Analysis: All-Star caliber player with a very narrow list for availability. Pau Gasol is only going to want to join a championship team (heavy rumor in NBA circles is San Antonio). He's still a tremendous low-post and mid-range scorer, and his height and length make him a bother defensively, even as his value on that end has never been lower because of today's playing style. At 35, a drop-off is imminent and managing minutes will be a priority. A player on the cusp of "too old to make a difference" and "veteran who can bring the help a team needs." Revered teammate, beloved by media, but clashes with coaches who do not play him in comfort zones. Cannot adapt easily.
Good fit with: San Antonio, Golden State, Oklahoma City
Analysis: Two major knee injuries should be considered first and foremost. Chandler Parsons will be 28 next season, so you're not signing a spring chicken. And yet he shot a career-high from the field and 3-point range, and his per 100 possession numbers were right in line or better than his career figures. Athletic and versatile, able to run an offense on his own as well as operate as tip of the spear. Will act as a free-agent recruiter. Great cutter, great spot-up shooter, able to pump-fake and drive and manages to be aggressive without hijacking the offense. Solid defensively. There are no clear weaknesses. If you're ready to win now and in need of a small forward, he's likely the market's best value.
Good fit with: Dallas, Orlando, Golden State, New York
Analysis: Lights-out shooter who has learned to stay within his role, J.R. Smith has gone from a decent-but-inconsistent defender to a major deterrent. Not going to lock up Steph Curry or Russell Westbrook, but attacks dribble, contains and closes out hard. His effort issues have vanished on good teams. Able to completely turn a game with offensive outbursts. Has not had a playoff off-court incident since 2013. Will recklessly pursue heat checks. Beloved by teammates. Smith signed with Klutch Sports this year and is likely to re-sign with the Cavs because of it, likely on a big-money deal. Currently fulfilling every negative assumption about his proclivity to suffer letdowns in key situations in the Finals.
Good fit with: Cleveland, Memphis, New Orleans
Analysis: Ryan Anderson's value has taken a pretty big hit the past two years because of his defense. He went from one of the league's most-coveted players to a huge question mark. Has a history of injury problems. Terrible lateral movement and lacks post-defense strength. Must be paired with dominant shot blocker. Will likely come with a high price tag. Why? He's a terrific shooter. An absolutely, flat-out, lights-out shooter not only as a spot-up guy, but in the post, off the cut, off the dribble ... everywhere. Anderson instantly boosts your perimeter offense in huge ways. Was a dominant rebounder in other stops but struggled in that regard in New Orleans. He could recover, which would help a lot. Smart player. No red flags outside of defense and injury. Won't dog it and a good defensive scheme could mitigate his problems.
Good fit with: Memphis, Houston, Philadelphia, New York
Analysis: Maybe the market's best value. Kent Bazemore is 27 and a 44 percent shooter who shoots 34 percent from beyond the arc. Can guard multiple positions and is crafty, athletic and fast. Bazemore isn't going to create on his own, but you can slot him into any team with a star and he'll make the defense pay for a double team. Adds something new to his game each season. His toolkit may be smaller than some other wings on this list, but that also means he stays within his role.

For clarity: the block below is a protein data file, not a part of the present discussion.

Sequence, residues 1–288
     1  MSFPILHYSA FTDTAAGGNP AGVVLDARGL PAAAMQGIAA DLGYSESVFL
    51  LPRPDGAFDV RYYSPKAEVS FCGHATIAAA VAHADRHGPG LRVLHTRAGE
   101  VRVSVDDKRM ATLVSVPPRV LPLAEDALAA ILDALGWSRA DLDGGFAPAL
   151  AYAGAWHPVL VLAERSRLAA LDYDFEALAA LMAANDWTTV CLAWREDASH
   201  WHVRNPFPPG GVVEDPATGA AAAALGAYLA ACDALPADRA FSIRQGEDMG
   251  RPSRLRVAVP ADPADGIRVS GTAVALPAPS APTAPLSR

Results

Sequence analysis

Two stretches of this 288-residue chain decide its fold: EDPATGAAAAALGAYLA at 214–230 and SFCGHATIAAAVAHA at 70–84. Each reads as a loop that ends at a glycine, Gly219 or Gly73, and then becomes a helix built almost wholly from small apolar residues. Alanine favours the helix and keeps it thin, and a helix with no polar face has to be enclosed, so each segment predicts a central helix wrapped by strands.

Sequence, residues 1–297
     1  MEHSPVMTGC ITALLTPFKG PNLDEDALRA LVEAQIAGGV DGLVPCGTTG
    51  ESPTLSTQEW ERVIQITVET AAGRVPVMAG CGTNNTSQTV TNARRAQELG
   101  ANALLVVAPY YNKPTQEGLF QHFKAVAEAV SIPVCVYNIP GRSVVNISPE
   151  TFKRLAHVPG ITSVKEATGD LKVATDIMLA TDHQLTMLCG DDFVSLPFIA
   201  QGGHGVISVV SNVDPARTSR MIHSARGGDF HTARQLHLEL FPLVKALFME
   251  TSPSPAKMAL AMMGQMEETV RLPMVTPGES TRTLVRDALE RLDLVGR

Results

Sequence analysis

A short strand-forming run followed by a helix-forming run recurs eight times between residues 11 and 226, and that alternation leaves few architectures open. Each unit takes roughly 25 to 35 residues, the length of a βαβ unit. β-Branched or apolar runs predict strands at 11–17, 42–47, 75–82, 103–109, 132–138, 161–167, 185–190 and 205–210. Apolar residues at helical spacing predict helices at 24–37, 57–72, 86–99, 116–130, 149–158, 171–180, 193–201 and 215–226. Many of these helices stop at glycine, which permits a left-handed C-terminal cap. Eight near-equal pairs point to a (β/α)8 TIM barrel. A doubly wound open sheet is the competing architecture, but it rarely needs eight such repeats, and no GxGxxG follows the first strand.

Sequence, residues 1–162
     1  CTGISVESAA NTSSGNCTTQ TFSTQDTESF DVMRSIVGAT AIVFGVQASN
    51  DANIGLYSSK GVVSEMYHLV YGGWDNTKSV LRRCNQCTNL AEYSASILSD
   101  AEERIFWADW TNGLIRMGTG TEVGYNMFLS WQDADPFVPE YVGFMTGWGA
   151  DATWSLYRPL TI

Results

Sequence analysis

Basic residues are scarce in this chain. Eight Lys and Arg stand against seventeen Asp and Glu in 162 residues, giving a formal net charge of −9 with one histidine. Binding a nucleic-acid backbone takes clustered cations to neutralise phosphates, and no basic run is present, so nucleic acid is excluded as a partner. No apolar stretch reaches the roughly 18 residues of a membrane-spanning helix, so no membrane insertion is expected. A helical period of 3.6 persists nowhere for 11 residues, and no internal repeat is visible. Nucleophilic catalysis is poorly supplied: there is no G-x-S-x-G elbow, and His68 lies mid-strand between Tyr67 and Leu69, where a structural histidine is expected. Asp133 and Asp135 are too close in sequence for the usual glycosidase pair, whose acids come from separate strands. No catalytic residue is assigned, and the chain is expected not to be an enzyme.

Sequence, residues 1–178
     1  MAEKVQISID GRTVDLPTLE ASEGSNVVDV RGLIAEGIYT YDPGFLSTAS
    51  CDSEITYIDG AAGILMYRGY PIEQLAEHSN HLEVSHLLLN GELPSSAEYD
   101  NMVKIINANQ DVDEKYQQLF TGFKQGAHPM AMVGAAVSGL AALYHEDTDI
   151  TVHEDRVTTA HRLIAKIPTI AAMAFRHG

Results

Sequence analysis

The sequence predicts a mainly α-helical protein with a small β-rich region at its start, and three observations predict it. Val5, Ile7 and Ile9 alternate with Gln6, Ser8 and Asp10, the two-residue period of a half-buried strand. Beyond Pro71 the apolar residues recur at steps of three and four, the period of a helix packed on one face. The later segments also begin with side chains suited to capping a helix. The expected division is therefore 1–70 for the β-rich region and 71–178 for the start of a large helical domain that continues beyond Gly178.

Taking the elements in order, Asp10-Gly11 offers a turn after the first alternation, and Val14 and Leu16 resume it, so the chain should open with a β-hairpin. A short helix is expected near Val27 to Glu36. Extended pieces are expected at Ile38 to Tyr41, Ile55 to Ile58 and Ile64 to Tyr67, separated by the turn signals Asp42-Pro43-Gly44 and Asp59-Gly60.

Good fit with: Atlanta, Memphis, Houston, Dallas, Washington, Denver
Analysis: Festus Ezeli is strong and athletic with a soft touch. Opportunistic on lobs and makes the most of his minutes. Plays with energy and passion and worked hard to go from bench fringe player to major rotation contributor. Can provide excellent rim protection and rebounding. Will make mental mistakes defensively but makes up for it with his size. Good enough to start at center for a good defensive team, like, say, the 73-win Warriors in a pinch.
Good fit with: Los Angeles Lakers, Houston, New York, Phoenix, New Orleans
Analysis: As a restricted free agent, the Lakers are unlikely to let Jordan Clarkson go, but if they get enamored with a big fish, a team might be able to apply pressure with a big money deal. The League's "Arenas Provision" limits them to the mid-level exception in the first year, so the money's just not that big. Clarkson is a versatile scorer and combo guard. He can run the offense or create his own shot at just 24 years old. The only problem is trying to peel away how much of the Lakers' struggles he contributed to and how they might have impacted him.
Good fit with: Los Angeles, Denver, Milwaukee, Memphis
Analysis: The Villain! Evan Turner became a Sixth Man of the Year candidate last season and has developed a real home in Boston, which might re-sign him at a discount. Turner can play three positions, is a pesky defender and knows how to create and slip to the rim. His overall inefficiency is mitigated by how he can fill out a stat sheet, and his versatility is crucial in today's game. You can do worse than Turner, but the idea of a team that isn't the Celtics giving him big money could be far-fetched. It's the only place where he has been successful.
Good fits with: New York, Orlando, Memphis, Denver, Cleveland, Boston
Analysis: He's the model value stretch-four. He turns 30 this summer, but posted career numbers in 3-point shooting (40 percent) and rebounding (6.4 per game). He's become a smart, physical defender. A player who seemed so out of place in Atlanta ironically is now the kind of player that fits nearly anywhere in the modern NBA. He's likely to ink a deal that is more value-oriented than some of the bigger names behind him, and he comes with none of the drawbacks. Marvin Williams just shows up, does his job and goes home. He's a pro.